As­sis­tant Pas­tor of Amherst Wes­leyan Church

The Amherst News - - RELIGION -

It seems ev­ery­where we look to­day there is bad news. On Face­book, Twit­ter, Tele­vi­sion. At the lo­cal hockey rink, the gro­cery store, the cof­fee shop. Over the phone, in per­son, or through a text. Your fa­ther died. Your wife has can­cer. A kid from your neigh­bor­hood took a gun to a school.

It is ev­ery­where. And we tend to think that there is more evil now than there has ever been in the world. This is not nec­es­sar­ily true. We sim­ply have more ac­cess to in­for­ma­tion than other times in his­tory. Evil has been preva­lent since Adam and Eve tasted the for­bid­den fruit.

I try to avoid hear­ing about evil, death, and in­jus­tices. I don’t want to know. The less I hear about it the bet­ter. And I dare to sug­gest we are all like this. None of us want to wres­tle with it. Don’t be­lieve me? Death is al­most like a swear word. Evil is ex­plained away, and in­jus­tices are for­got­ten as soon as it is no longer pop­u­lar to talk about them.

We love be­ing ig­no­rant of bad news.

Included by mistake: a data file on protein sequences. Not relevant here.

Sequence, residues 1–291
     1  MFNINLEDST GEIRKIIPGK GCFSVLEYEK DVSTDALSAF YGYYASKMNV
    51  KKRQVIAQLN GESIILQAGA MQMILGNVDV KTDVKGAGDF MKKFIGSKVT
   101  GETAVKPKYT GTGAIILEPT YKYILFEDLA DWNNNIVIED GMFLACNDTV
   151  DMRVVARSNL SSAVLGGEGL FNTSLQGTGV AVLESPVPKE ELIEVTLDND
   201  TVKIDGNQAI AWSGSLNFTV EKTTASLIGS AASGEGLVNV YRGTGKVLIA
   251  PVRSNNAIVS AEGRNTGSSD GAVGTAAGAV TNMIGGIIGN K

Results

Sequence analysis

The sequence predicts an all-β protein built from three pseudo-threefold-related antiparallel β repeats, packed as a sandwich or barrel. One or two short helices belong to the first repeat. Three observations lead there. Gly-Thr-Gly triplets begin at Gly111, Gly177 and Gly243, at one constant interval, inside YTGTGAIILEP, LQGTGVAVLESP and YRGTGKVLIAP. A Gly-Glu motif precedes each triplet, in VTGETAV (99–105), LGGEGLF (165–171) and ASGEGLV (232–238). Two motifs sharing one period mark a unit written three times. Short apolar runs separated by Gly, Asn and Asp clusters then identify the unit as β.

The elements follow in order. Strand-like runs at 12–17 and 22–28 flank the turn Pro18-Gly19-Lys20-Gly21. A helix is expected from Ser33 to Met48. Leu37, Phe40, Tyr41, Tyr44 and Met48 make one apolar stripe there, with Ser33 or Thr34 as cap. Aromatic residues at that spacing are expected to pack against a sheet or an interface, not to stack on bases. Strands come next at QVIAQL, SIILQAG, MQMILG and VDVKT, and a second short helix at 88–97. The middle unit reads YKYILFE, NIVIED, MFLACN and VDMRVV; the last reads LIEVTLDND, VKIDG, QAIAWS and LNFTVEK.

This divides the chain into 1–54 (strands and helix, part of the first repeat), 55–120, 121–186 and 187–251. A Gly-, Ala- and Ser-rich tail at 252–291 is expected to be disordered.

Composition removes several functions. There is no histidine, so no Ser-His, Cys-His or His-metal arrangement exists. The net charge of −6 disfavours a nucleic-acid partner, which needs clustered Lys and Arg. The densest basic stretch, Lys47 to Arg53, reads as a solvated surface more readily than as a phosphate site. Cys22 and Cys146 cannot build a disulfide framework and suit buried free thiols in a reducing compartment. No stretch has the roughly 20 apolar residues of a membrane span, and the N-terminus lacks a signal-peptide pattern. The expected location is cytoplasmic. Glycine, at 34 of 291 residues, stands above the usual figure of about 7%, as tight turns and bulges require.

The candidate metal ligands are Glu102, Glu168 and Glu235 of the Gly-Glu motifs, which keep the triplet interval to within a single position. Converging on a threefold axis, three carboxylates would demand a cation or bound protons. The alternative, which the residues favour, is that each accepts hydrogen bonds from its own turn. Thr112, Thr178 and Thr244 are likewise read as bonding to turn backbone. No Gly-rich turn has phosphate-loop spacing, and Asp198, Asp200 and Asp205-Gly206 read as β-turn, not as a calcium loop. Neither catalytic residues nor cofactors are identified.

The rea­son? It is sim­ple re­ally. We lack hope. The hope that one day things will be good. The hope that one day ev­ery­thing will be made right. The hope that one day all things will be re­newed. Most peo­ple think this life is all we have. But it isn’t. Far from it.

In the Gospel of Matthew, the dis­ci­ple Peter opens his mouth and asks Je­sus what they are go­ing to re­ceive for fol­low­ing Him. In­stead of re­buk­ing Peter, look at Je­sus’ an­swer.

“I as­sure you that when the world is made new and the Son of Man sits upon the glo­ri­ous throne… ev­ery­one who gives up houses or brothers or sis­ters or fa­ther or mother or chil­dren or prop­erty, for my sake, will re­ceive a hun­dred times as much in re­turn and will in­herit eter­nal life.”

One day, here on earth, all things will be made new. Ev­ery­thing will be made right for those who fol­low Je­sus. My wife and I have had two mis­car­riages. We named them both: Mya Nova and Jeremiah Lu­cas. And while it is painful to think we will not get to have a life with them here on earth, we take hope in the re­newal of all things. We take hope in know­ing one day, my wife and I, and any fu­ture kids we have, will get to spend eter­nity (that means for­ever) with Mya and Jeremiah.

In the dark­ness of the world, don’t lose the light of hope. Hold on to the fact that one day…one day…ALL things will be re­newed. Ev­ery wrong will be made right. And life will be ex­cit­ing and eter­nal.

Je­sus will one day say: “Be­hold, I am mak­ing ev­ery­thing new.”

Rev. Jamin Me­lan­son

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